Matthew 21:1-22, Jesus’ Entry into the City of God

[March 16, 2008] Until now Jesus had attracted large crowds but He had never allowed them to hail Him as their King or the Messiah. Until now. Jesus expected this to be His final entry into the city of Jerusalem. From the time that Peter confessed Him to be the Messiah, at the foot of the northern mountains of Hermon, Jesus had been predicting that He would suffer and die in Jerusalem. After the vision of the Transfiguration on Mount Hermon, a few days after Peter’s confession, Jesus had slowly been making His way to the City, moving from house to house, healing people, and teaching His disciples, the crowds and the religious leaders among the people, the Pharisees. There was a sense of climax brewing. He had led His disciples to expect that something momentous was going to transpire during the Passover in Jerusalem, though they were all in confusion about what this would be.

Jesus and His small band of disciples were in the crowd of pilgrims traveling to Jerusalem for Passover when He left the nearby city of Jericho (Matthew 20:29-34) and two blind men hailed Him by the title of Israel’s Messiah, the “Son of David.” Jesus opened their eyes, thus making a powerful parable of what was about to happen when He left the little town of Bethany at the beginning of the Passover week, the day when each household set aside a lamb to be slaughtered on Thursday for the Passover Seder.

He surprised His disciples with His royal entry into the city on that Sunday afternoon. They fetched the donkey and its colt at the crossroad of a small town just outside the wall of Jerusalem, at the foot of the Mount of Olives, and crowds of pilgrims followed them from the city when they returned to Jesus. By then He had left Bethany on the road that went around the Mount of Olives. Another crowd followed Jesus from Bethany and the two crowds met on the road. They were mostly pilgrims who had come to celebrate Passover in the city and were not residents of the city. What surprised the disciples was that now Jesus allowed this festive crowd to openly and loudly acclaim Him as the Messiah-King.

It was all in fulfillment of the great prophecies in Israel’s Scriptures. Daniel even predicted the coming of “Messiah the Prince” 69 weeks of years (to the day) after “the issuing of the decree to restore and rebuild Jerusalem” (Daniel 9:25), after which “Messiah will be cut off” and the Romans would “destroy the city and the sanctuary” (verse 26) because Israel “did not know the time of [her] visitation” (Luke 19:44).

Zechariah predicted that the Messiah would come to the Mount of Olives and defeat the enemies of Israel (Zechariah 14:1-5) and others speak of how He would enter the Temple through the city gate and purify Israel. Jesus knew these prophecies. But He also knew that the Messiah would defeat the enemies of Israel only after Israel would own “Him whom they had pierced” and every household would mourn in repentance (Zechariah 12:10).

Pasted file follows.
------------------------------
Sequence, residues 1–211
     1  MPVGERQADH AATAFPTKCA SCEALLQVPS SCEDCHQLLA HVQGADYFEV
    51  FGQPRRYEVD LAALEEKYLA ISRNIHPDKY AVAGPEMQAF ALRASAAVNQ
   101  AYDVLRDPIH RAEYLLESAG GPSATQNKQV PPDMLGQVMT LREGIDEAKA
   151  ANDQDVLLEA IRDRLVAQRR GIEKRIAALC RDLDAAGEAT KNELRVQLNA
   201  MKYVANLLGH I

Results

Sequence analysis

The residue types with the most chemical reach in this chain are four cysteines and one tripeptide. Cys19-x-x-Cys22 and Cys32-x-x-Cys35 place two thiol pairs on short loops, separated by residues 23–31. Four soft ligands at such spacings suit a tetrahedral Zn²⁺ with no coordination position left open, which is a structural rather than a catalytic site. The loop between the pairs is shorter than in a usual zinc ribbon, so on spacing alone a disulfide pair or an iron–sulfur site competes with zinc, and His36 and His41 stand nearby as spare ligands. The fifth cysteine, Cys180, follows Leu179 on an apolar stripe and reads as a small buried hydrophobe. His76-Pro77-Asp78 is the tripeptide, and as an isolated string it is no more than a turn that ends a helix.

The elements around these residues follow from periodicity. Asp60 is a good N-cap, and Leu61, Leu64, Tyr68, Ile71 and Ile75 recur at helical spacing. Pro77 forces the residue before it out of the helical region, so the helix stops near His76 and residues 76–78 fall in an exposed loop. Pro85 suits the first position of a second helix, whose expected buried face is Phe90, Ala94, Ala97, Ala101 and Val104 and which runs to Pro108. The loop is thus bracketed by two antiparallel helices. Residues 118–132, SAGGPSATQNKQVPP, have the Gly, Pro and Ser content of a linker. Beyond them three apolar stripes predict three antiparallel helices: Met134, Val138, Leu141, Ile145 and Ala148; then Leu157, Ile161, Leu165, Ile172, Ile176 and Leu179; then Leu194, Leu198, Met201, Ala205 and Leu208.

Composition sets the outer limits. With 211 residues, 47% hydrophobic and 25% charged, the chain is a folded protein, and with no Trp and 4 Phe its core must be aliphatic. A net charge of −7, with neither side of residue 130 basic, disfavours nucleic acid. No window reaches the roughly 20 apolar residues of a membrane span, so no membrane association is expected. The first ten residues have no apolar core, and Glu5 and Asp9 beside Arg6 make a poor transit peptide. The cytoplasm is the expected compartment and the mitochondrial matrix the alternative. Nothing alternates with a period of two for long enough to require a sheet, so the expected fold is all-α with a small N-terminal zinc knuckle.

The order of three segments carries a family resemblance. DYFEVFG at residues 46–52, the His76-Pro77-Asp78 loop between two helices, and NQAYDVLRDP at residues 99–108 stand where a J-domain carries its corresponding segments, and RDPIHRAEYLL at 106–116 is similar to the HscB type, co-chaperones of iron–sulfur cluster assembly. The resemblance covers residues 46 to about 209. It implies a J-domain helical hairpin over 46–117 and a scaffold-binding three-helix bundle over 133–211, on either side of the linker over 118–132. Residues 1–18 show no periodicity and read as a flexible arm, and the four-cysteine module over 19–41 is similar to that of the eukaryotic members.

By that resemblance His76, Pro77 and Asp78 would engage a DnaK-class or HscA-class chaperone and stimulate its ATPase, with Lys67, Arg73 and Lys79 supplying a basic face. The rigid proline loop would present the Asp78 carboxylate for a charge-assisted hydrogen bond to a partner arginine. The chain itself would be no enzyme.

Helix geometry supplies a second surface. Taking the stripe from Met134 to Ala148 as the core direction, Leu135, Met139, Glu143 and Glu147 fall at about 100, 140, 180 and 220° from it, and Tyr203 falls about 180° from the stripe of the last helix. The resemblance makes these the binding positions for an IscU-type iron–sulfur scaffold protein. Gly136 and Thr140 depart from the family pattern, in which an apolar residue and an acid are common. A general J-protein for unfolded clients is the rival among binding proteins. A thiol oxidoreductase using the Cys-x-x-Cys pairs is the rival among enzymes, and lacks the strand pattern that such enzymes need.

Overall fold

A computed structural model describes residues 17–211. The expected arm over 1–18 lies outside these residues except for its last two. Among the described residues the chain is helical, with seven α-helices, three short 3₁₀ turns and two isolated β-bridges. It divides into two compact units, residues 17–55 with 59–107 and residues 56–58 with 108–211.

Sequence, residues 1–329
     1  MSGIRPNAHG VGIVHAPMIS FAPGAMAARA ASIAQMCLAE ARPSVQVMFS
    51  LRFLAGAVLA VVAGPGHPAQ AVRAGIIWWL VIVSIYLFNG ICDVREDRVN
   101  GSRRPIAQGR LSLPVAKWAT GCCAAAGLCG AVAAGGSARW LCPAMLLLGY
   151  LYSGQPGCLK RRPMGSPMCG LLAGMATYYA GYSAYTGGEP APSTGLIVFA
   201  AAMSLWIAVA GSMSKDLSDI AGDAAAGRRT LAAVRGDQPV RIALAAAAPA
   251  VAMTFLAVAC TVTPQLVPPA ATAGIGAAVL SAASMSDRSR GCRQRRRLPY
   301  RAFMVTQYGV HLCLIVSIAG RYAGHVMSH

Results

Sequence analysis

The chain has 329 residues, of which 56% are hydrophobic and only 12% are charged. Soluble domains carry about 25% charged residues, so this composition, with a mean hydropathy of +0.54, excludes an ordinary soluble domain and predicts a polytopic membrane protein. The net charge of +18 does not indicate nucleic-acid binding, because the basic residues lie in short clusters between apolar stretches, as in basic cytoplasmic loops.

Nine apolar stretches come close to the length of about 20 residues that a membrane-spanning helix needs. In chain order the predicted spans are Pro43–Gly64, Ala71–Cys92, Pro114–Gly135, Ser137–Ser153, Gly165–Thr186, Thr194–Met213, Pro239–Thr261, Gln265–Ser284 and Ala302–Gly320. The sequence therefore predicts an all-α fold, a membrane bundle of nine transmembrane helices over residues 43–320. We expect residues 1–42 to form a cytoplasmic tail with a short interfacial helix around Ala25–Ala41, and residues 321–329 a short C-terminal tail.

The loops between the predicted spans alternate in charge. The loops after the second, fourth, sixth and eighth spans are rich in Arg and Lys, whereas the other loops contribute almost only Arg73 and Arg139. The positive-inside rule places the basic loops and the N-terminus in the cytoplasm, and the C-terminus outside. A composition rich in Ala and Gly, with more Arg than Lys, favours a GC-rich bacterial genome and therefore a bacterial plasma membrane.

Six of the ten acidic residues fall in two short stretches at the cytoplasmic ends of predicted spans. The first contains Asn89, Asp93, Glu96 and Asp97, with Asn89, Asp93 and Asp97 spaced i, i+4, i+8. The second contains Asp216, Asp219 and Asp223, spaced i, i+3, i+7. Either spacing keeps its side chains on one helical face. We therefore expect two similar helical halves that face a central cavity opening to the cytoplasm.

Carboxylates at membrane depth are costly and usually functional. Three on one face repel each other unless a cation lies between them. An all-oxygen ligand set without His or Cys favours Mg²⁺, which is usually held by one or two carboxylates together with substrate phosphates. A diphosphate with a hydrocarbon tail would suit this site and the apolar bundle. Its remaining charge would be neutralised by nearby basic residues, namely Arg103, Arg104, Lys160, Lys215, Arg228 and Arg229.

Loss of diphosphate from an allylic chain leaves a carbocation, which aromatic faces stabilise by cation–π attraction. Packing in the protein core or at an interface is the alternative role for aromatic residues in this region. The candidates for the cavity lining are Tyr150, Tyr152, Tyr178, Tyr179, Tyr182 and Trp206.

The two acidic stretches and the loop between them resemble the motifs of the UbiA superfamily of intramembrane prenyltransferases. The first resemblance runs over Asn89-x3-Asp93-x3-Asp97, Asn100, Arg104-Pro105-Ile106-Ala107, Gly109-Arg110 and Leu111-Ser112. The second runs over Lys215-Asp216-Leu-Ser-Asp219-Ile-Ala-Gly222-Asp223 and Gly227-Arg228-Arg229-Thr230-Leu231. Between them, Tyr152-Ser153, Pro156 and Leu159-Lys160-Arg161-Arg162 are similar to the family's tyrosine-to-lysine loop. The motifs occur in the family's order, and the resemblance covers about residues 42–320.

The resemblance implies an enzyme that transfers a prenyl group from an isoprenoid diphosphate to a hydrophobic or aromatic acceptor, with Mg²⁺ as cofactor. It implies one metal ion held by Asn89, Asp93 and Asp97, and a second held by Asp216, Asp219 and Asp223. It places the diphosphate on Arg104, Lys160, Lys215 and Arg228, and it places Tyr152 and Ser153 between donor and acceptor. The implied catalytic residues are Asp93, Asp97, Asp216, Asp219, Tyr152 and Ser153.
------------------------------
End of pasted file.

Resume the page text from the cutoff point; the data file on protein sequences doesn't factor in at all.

First another day must come. Jesus also recalled how David descended the Mount of Olives into Jerusalem while riding a donkey, mourning because his son Absalom had rebelled against him. Jesus too, at the same time that the crowd was hailing Him as the royal Son of David with shouts of hosanna (“save us now!”), wept out loud for the City because they did not want Him as their King. He entered the city according to the prophecy of Zechariah 9:9, which spoke of the Messiah entering “lowly and riding upon a donkey” and putting an end to Israel’s violence and speaking peace to the Gentiles. But neither Jerusalem, which collaborated with the Romans, nor His opponents from Galilee who resisted the Romans, would have Him who proclaimed the peace of the Kingdom of God.

For now, Jesus welcomed the praises of the righteous who were waiting for salvation and whose eyes were opened to see who He is. In the ancient world crowds welcomed kings by the waving of palm-branches, and this crowd also created a moving carpet for Jesus by laying their garments and their palms in front of Him on the road.

But the city was astir and not happy with what they saw. This parade was not good for the tourist industry! They knew that the Romans were watching. The Romans would not forget what they saw, and in less than a week the governor had a sign hanging above Jesus on the cross, “The King of the Jews,” to make an example of Jesus, to let Jerusalem know what he does to such “impostors.” Only, the governor made sure that the people understood that it was their own leaders— the high priest and his coterie— who did the condemning. Using a Jewish ritual, he washed his hands of the matter, feigning innocent.

Jesus’ concern, though, was not with the Romans. He had an issue with the keepers of the City, those who were stewards of the Temple and who pretended to be the shepherds of God’s flock.

The gate of the city led directly into the Temple precincts and there Jesus, walking into the bustling crowd, overturned the tables of the money changes, spilling their coins and knocking over their chairs, and releasing the animals that they were selling. He was angry, but He did not hurt anyone. It was not that what they were doing was illegitimate. The pilgrims came from all over the world and many of them could not bring their own animals. They needed to buy animals for sacrifice. And they could not use the Roman coins in the Temple because they had graven images printed on them.

This was rather a demonstration against the Temple establishment that used the worship of God for their own aggrandizement. The City thrived on the tourist industry and the chief priests made themselves wealthy off the offerings of the poor. It was as if God had no real claims here, it was all pomp.

Psalm 14 seems very appropriate in this setting. All was done in the name of God, yet it was as if “God” were a symbol they could use for our own ends.